Tips for Buying Firewood


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Tips for Buying Firewood

It's always best to shop for firewood
before you need it. Sometimes you can find great deals in the spring and
summer, before people are thinking about cool weather and warming their
home.

Good places to find postings of wood for sale are: Your local newspaper's
classified ads. Grocery store, church or post office bulletin boards. Signs
posted around the neighborhood. Most firewood is sold in cords, face
cords, ricks or truckloads.

Cord: A cord of firewood measures 8 feet long x 4 feet wide x 4 feet tall.

Face Cord: A face cord is 8 feet long, 4 feet tall but only as wide as one stack
of wood. This is usually about half the size of a cord or less.

Rick: A rick is basically a pile, the size can vary quite a bit.

Truck Load: The size of a truck load will depend on how large the truck is
and whether it's thrown in the truck or stacked:

Find Dry (Seasoned) Wood

It takes 8 to 12 months to dry (season) wood for burning so unless you have
wood on hand already you will want to purchase dry wood. Dry wood
burns longer, cleaner and produces greater heat. Unseasoned wood creates
a potentially dangerous creosote buildup in your chimney.:

Hardwood Burns Longer

When shopping around for wood keep in mind that hardwood is going to
burn up to twice as long as softwood. So just because a cord of softwood
might be cheaper doesn't mean you are getting a good deal. Softwood is
effective for kindling or mixing with hardwood but hardwood will burn
longer, tends to burn cleaner and will produce more heat. Examples of
softwood: Pine, Fir, Cedar. Examples of hardwood: Oak, Ash, Madrona

Storing Firewood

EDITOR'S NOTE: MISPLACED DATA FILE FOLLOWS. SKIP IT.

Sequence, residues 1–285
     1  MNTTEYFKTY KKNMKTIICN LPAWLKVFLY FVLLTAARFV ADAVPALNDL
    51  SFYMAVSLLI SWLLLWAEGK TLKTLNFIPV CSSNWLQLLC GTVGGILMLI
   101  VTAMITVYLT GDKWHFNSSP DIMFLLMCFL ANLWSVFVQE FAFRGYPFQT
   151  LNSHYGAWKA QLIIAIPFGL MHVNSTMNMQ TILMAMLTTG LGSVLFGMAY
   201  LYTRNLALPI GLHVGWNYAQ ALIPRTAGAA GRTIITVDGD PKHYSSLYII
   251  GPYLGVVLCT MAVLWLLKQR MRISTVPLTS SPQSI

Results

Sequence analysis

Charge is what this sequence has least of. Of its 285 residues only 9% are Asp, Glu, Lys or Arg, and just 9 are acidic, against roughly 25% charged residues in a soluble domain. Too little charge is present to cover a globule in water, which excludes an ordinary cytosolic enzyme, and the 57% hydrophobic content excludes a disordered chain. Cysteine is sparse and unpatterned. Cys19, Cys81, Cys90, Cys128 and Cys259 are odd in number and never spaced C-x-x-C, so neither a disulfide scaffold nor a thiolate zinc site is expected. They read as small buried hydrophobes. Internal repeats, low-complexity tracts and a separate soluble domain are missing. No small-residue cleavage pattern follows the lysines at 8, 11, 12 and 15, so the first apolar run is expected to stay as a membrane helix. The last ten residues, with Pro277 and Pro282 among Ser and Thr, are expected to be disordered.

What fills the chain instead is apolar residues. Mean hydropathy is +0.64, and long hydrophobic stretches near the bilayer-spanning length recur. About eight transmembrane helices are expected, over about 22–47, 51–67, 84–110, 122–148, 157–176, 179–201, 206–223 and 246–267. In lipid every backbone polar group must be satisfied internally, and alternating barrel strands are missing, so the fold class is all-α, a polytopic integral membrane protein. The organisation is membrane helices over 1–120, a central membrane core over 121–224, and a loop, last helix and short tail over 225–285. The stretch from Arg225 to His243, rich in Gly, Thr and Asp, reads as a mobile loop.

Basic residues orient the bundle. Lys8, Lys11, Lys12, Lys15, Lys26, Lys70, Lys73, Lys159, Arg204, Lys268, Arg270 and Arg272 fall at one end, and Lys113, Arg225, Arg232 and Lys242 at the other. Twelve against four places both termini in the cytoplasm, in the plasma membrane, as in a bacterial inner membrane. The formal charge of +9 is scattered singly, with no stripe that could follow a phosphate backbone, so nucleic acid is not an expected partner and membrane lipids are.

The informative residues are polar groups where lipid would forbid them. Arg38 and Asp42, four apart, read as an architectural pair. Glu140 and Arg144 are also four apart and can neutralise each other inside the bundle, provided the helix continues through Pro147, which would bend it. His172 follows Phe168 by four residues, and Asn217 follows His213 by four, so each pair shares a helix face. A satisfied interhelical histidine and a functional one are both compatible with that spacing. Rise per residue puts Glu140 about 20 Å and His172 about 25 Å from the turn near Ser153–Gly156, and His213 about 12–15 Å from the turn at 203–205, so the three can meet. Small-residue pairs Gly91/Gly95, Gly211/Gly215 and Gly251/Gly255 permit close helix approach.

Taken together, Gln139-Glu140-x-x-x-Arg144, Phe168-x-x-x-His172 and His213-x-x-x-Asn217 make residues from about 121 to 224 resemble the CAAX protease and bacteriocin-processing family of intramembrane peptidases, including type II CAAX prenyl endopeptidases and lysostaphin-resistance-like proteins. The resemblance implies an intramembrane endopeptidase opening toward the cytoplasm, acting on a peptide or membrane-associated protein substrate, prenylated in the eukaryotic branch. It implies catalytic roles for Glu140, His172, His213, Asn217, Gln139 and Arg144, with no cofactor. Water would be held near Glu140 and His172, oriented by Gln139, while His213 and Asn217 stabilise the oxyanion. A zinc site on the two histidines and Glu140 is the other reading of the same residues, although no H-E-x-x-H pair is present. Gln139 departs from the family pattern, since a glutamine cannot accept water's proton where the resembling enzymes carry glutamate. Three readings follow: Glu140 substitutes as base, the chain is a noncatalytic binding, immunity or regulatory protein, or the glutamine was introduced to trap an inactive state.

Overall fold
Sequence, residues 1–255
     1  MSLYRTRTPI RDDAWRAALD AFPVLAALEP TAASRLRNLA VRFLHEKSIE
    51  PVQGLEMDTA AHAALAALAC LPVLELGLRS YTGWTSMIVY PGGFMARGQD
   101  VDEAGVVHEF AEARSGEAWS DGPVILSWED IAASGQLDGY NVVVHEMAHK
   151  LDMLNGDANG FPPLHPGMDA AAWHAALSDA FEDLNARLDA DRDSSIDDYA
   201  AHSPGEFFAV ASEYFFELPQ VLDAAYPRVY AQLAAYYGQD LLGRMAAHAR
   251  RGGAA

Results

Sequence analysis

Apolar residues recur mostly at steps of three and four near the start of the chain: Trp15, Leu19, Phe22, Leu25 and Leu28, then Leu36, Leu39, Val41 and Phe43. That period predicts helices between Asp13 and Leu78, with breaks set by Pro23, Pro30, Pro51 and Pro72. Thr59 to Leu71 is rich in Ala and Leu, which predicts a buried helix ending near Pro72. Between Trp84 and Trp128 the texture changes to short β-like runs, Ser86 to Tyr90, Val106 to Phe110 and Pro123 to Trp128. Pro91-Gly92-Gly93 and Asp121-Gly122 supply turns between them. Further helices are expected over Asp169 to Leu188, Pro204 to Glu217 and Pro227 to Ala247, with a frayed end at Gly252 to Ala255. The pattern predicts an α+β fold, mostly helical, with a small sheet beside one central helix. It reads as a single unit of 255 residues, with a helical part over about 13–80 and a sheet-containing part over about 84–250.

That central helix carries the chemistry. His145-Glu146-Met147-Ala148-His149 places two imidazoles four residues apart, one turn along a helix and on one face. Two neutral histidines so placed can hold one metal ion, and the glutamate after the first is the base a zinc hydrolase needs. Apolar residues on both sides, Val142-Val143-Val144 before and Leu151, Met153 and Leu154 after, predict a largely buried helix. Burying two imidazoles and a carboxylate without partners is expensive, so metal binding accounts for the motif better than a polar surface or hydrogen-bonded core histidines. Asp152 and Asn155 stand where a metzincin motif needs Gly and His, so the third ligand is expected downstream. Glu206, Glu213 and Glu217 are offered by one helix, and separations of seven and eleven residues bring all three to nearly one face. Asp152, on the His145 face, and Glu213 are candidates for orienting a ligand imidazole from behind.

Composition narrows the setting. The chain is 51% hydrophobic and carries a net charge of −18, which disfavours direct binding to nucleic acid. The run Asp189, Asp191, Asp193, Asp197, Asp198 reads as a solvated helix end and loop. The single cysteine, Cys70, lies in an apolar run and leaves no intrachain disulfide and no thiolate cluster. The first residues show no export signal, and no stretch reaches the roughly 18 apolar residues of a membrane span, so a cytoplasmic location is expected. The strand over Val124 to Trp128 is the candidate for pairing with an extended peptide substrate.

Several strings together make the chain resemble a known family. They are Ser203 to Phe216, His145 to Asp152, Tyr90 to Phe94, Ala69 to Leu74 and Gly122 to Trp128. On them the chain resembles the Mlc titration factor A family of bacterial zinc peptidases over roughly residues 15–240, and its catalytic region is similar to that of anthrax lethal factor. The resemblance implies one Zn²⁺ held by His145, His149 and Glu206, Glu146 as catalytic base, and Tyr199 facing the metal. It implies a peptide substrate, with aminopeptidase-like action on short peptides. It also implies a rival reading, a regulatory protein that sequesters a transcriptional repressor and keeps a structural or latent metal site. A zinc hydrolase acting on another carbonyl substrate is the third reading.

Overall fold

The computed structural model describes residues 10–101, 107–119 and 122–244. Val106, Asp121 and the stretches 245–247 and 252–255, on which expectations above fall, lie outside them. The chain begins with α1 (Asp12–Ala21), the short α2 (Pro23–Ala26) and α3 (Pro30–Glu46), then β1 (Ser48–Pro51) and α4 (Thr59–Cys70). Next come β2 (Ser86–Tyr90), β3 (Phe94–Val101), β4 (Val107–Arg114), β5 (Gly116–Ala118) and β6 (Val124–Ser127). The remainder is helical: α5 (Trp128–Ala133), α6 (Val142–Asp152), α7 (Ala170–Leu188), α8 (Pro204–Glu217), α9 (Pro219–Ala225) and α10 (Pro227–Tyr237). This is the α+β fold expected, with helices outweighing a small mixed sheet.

Store wood off the ground and protect it from weather. You will want to
store wood about 4 inches off the ground. Any wood on the ground will
collect insects and rot more quickly. You will also want to keep it covered
from rain and snow

Keep Wood Away From the House

Wood against the side of your house could attract wood loving insects like
termites who will start nibbling on your house. It also keeps air from
circulating around the wood which will help keep it dry.

Storing Firewood

Try not to store wood for more than a year once it's dried. This isn't a hard
and fast rule. You can store dry wood for more than a year but at some
point it will start to rot and collect tons of insects. Make sure to use your
oldest wood first.

Bring Wood In As You Need It

While it's nice to have a lot of wood on hand in the house, you inevitably
bring in insects even if you clean off the wood. So don't bring more than a
days worth of wood into your home at a time. A wood pile in your house is
basically a guest room for little critters.


Tips provided by www.ThriftyFun.com
Firewood
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